The human spirit has been captured and bottled up into a two hour film, and that film is 20th Century Women. Only by watching can you set it free and bask in its beauty.
As someone who spends the majority of his waking hours watching movies, it's actually quite rare that I want to rewatch one. There are only a small handful of films that I've seen repeatedly and they rank among my favorites of all time. After I first saw 20th Century Women, I wanted to experience it again immediately. That feeling did not dull after my second viewing and I eagerly await my third.
Does that mean 20th Century Women is among my all-time favorites? It very well may. It envelops the spectrum of the human condition through a caring understanding of perfectly written people.
Director/writer Mike Mills has his parents to indirectly thank for his independent film prowess. His second movie, Beginners, told the true story of his father coming out as gay at 75 years old. 20th Century Women, his third feature, is largely about the evocative life of his mother- and the lives of the other women that helped raise him, seen through the lens of his teenage self.
It's 1979, and they all live in one house in Santa Barbara. There's the family: Dorothea the witty mother (Annette Bening) and her rebellious son Jamie (Lucas Zumann), the two renters: William the hippie mechanic (Billy Crudup) and Abbie the feminist artist (Greta Gerwig), and the frequent visitor: Jamie's longtime friend Julie (Elle Fanning). This eclectic cast of characters sets a stage rife with possibility.
Mike Mills, as a writer, grasps one key to great filmmaking with more expertise than the vast majority of working filmmakers: to make resonant statements about the profundities of the human experience, one must write people that believably interact within such spaces. Mills brings the characters of 20th Century Women to life so exquisitely that the film touches upon femininity, love, aging, motherhood, and sexuality simply by being with them.
And being with them is an inexplicable pleasure in itself. By the time the credits were rolling, I already missed these characters like old friends. They're well rounded and intricately developed to a point of vivacious realness; their yearnings and growing pains are just as authentic as your own.
To achieve this effect, Mills embraces the truth that human beings can't be easily explained. He develops them through incisive looks into the external factors that shape us. The families and friends and lovers of 20th Century Women are fascinating results of gender expectations, possessions, generational world events, books, movies, music. We see them built from interactions with countless relatable influences, giving us endless reasons to care deeply about each of them and the relationships between them.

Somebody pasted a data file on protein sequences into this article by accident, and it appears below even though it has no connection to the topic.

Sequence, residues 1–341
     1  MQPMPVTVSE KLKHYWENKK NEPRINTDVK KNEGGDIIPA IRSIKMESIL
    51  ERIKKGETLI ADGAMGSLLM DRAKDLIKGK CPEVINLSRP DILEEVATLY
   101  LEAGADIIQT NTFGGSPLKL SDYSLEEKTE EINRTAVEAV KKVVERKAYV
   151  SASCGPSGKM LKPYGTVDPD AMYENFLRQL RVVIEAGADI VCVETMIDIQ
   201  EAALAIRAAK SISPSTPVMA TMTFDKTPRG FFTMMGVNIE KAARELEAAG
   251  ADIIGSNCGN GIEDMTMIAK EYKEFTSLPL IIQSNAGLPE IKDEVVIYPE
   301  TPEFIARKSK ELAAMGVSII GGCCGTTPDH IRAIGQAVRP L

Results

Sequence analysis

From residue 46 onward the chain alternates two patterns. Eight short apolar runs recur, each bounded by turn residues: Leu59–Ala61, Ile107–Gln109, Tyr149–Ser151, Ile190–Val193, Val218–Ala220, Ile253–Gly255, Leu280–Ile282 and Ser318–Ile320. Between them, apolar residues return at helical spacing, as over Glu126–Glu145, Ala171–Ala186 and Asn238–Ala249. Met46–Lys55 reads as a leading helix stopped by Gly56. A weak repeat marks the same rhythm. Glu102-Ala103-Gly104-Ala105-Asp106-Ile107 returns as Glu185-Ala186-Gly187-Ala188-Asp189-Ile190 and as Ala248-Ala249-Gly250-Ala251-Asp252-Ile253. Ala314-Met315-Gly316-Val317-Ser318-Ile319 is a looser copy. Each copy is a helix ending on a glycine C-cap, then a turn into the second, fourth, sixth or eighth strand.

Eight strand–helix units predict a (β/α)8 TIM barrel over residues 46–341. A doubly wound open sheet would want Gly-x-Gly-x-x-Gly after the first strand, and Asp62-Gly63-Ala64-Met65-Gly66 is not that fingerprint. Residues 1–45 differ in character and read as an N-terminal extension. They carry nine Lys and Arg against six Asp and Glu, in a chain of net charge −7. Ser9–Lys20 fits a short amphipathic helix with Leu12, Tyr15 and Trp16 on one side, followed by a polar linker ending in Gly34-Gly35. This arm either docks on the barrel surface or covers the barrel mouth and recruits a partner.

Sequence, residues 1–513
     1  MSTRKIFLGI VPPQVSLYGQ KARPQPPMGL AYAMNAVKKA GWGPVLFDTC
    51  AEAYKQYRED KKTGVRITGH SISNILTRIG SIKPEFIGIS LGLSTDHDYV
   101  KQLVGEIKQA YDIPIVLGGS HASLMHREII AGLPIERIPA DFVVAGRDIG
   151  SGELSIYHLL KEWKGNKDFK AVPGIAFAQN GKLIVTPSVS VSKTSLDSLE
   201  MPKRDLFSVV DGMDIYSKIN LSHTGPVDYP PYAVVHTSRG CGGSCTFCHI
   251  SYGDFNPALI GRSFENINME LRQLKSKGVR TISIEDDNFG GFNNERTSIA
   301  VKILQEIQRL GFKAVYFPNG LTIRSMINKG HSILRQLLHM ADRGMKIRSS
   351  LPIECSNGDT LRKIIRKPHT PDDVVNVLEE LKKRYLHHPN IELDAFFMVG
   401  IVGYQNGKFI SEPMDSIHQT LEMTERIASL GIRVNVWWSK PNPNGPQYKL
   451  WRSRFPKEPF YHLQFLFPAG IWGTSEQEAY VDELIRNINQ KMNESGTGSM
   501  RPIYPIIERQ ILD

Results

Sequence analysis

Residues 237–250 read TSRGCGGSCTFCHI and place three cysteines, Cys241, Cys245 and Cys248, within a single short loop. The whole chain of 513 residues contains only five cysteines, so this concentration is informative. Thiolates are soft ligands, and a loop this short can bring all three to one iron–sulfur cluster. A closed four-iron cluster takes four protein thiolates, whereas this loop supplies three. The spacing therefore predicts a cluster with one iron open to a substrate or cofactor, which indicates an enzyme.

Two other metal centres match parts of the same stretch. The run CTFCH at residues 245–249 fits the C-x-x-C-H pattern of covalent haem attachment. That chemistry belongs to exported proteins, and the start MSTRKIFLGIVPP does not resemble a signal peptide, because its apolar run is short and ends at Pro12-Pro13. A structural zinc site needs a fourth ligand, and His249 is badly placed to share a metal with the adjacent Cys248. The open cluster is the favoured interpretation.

Therein lies the film's brilliant feminism, in depicting the titular women as multifaceted people with autonomy and ownership of their various desires. Its egalitarian heart beats with women who are women, not submissive objects or rewards or perfect specimens.
Mills directs 20th Century Women like life flashing before one's eyes at the moment of death. His background is in music videos and that sensibility carries through. He and cinematographer Sean Porter paint a wondrous visual landscape: primary colors are loud, movement is fluidly framed and sometimes sped up or blurred, single shots tell entire stories. It's grand, yet subtle; seemingly sporadic, but intentional. The direction reminds us that complicated lives are worth standing in awe of.
Especially awe-inspiring? The performances. The always incredible Annette Bening is a humble revelation as the mother Mills dedicated the movie to, newcomer Lucas Zumann deserves a career, my favorite actress Greta Gerwig earns sympathy and exudes empathy, Billy Crudup is his understated self, and Elle Fanning continues to dominate the cinematic picture of youth.
20th Century Women gets so much right: it's wickedly funny, an accurate period piece, and honors the body with frank discussions of sexuality. It is a waltz of emotion that makes you want to smile and cry and laugh and dance. And feel, and be. There's not much more I can say other than bestowing my highest praise upon it.